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Bones in South African cave reveal new human relative

Published 10/09/2015

South Africa's deputy president Cyril Ramaphosa, kisses a reconstruction of Homo naledi's face. (AP)
South Africa's deputy president Cyril Ramaphosa, kisses a reconstruction of Homo naledi's face. (AP)

A new member of the human family tree has been discovered in South Africa, according to scientists.

The creature, found among a huge trove of bones in a barely accessible cave, shows a surprising mix of human-like and more primitive characteristics.

And The discovery presents some key mysteries including the age of the bones and how they got into the chamber, which is only reachable by a complicated pathway that includes squeezing through passages as narrow as about 7-and-a-half inches.

The site, about 30 miles north-west of Johannesburg, has yielded some 1,550 specimens since its discovery in 2013. The fossils represent at least 15 individuals.

Researchers named the creature Homo naledi. That reflects the "Homo" evolutionary group, which includes modern people and our closest extinct relatives, and the word for "star" in a local language. The find was made in the Rising Star cave system.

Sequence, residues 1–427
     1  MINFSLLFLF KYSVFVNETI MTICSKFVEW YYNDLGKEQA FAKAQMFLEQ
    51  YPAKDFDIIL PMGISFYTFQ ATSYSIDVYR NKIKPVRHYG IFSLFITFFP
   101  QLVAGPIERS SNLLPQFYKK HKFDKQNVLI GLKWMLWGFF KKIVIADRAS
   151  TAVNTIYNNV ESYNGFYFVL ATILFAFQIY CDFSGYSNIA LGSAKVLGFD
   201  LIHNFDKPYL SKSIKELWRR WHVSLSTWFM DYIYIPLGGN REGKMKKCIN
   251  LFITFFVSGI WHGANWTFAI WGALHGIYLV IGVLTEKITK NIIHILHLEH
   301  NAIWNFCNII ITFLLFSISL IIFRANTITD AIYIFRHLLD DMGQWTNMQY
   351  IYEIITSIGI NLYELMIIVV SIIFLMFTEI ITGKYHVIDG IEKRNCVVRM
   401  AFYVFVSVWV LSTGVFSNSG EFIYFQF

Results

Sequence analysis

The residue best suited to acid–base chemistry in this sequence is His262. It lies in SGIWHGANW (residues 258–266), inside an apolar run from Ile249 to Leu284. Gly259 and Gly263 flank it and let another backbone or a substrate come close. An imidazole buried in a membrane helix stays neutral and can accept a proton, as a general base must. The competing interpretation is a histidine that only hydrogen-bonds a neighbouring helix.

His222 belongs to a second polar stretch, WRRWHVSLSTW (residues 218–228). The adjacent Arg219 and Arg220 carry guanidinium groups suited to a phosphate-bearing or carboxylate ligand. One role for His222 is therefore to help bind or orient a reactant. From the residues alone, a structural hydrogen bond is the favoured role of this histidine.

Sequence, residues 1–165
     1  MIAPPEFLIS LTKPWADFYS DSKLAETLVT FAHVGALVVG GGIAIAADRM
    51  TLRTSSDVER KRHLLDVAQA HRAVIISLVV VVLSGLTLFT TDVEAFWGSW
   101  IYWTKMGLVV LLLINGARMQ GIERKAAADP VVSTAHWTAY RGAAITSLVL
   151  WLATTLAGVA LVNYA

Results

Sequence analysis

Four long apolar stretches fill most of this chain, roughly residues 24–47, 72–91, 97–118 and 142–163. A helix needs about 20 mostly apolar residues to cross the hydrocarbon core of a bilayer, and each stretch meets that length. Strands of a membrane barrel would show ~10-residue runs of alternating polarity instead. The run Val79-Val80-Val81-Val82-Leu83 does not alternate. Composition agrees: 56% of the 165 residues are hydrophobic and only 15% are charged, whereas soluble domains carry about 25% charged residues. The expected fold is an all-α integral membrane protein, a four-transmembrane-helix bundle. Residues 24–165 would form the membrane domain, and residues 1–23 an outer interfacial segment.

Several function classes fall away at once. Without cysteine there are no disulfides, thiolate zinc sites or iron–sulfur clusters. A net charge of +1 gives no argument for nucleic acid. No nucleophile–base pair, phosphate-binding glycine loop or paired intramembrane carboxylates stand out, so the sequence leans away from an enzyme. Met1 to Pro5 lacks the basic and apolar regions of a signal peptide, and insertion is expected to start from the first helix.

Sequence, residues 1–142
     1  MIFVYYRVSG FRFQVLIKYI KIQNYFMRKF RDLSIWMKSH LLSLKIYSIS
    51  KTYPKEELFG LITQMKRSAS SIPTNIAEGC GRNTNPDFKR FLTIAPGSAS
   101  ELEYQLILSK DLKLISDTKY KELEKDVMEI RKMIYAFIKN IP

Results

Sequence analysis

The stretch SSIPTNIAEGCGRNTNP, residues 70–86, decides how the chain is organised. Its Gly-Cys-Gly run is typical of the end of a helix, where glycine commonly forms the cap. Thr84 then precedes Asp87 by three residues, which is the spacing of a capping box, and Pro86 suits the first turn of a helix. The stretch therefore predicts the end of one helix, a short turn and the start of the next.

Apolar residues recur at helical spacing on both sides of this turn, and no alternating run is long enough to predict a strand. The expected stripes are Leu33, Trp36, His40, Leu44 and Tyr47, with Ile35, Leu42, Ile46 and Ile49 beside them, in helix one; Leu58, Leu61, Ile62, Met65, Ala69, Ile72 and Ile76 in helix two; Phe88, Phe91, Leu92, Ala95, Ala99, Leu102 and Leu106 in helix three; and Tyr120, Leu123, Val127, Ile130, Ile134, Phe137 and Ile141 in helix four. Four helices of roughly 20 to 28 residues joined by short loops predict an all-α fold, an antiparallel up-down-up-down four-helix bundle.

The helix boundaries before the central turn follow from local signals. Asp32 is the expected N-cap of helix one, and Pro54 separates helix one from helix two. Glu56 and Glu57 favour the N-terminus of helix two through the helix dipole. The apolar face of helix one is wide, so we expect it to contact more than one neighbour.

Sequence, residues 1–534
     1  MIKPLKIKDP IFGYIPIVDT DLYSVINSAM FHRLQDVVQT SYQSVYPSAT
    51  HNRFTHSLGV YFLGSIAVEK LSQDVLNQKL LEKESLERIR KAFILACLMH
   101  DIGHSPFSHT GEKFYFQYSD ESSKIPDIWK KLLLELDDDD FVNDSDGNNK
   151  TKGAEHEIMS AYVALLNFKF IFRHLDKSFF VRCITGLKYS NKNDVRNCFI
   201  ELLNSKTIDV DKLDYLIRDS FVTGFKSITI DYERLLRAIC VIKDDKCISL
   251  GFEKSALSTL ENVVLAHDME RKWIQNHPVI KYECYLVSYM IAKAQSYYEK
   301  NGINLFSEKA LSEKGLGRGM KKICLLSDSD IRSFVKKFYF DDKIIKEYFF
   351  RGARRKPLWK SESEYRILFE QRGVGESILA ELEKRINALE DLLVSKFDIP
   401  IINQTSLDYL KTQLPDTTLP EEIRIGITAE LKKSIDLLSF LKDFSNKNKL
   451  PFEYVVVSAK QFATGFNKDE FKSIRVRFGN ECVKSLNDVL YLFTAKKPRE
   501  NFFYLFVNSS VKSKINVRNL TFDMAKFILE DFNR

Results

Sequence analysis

The creature, which evidently walked upright, represents a mix of traits. For example, the hands and feet look like Homo, but the shoulders and the small brain resemble Homo's more ape-like ancestors, the researchers said.

Lee Berger, a professor at the University of the Witwatersrand in Johannesburg who led the work, said naledi's anatomy suggests that it arose at or near the root of the Homo group, which would make the species some 2.5 million to 2.8 million years old. The discovered bones themselves may be younger, he said.

The researchers announced the discovery in the journal eLife and at a news conference in the Cradle of Humankind, a site near the village of Magaliesburg. They said they were unable to determine an age for the fossils because of unusual characteristics of the site.

Professor Berger said researchers are not claiming that neledi was a direct ancestor of modern-day people, and experts unconnected to the project said they believed it was not.

Rick Potts, director of the human origins programme at the Smithsonian Institution's Natural History Museum, said that without an age "there's no way we can judge the evolutionary significance of this find".

If the bones are about as old as the Homo group, that would argue that naledi is "a snapshot of ... the evolutionary experimentation that was going on right around the origin" of Homo, he said. If they are significantly younger, it either shows the naledi retained the primitive body characteristics much longer than any other known creature, or that it re-evolved them, he said.

Besides the age of the bones, another mystery is how they got into the difficult-to-reach area of the cave. The researchers said they suspect the naledi may have repeatedly deposited their dead in the room, but alternatively it may have been a death trap for individuals that found their own way in.

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